Representatives Matt Lynch (R) and Robert Hagan (D) have introduced HB 526 that would “prohibit auto insurers from requiring, recommending or suggesting that a claimant on a policy have the claimant’s vehicle repaired at a particular repair shop or by a particular person unless the claimant requests a recommendation or suggestion.” While automotive glass companies are not identified in this bill, third-party administrators (TPAs) of automotive glass claims generally offer a recommendation to a related automotive glass company or an affiliated independent glass shop, meaning this bill could have implications for the AGRR industry if passed.
“A violation of this section is an unfair and deceptive act or practice in the business of insurance under sections 3901.19 and 3901.26 of the Revised Code,” according to the proposed legislation.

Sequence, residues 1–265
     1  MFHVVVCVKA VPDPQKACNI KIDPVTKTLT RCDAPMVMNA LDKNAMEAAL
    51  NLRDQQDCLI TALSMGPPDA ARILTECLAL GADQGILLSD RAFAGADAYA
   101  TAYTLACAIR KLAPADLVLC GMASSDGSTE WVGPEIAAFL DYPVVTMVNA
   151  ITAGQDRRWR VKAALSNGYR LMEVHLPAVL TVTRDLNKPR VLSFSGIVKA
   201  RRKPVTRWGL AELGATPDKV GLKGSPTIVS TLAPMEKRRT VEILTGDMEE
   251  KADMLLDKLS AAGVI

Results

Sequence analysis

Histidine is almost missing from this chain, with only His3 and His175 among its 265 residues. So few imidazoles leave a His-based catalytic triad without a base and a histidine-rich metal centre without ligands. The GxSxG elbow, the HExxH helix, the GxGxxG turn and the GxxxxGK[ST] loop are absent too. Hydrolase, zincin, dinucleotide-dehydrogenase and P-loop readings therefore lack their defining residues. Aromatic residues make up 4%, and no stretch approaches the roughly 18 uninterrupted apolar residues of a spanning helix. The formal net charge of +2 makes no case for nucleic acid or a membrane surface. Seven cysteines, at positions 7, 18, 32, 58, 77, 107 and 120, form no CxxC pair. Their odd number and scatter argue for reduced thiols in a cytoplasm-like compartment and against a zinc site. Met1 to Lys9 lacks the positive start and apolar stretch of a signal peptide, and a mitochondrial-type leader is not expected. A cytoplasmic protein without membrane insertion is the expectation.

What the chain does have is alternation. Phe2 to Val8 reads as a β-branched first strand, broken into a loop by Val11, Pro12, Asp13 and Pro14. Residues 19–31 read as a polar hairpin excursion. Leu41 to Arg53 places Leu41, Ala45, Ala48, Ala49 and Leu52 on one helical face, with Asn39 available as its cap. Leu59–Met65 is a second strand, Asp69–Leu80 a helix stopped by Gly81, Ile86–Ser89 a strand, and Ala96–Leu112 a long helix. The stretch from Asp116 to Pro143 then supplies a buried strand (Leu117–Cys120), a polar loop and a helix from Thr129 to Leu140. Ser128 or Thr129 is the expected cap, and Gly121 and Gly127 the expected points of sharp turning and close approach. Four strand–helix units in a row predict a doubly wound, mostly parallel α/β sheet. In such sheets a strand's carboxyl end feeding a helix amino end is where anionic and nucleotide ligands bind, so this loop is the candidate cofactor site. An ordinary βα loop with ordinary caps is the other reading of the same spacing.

Lynch reportedly was inspired to introduce the legislation after hearing from an auto body repair shop owner in his district. The repair shop was dropped from an insurer’s list of “preferred providers” after telling his customers that they have “the right to request the companies pay for factory parts,” according to a local report.
“He got kicked off the list because he’s being honest to his customers,” Lynch said, according to the report. “With this bill, there won’t be any preferred lists and the policy has to clearly state one way or another whether you get these aftermarket parts of factory-approved parts.”
The representatives did not respond to a request for comment at press time.
On a related note, groups of auto body shops in Florida and Indiana recently sued more than a dozen insurers alleging the insurers use their direct repair programs to “artificially depress” repair rates and if shops don’t agree, customers are “improperly steered” away.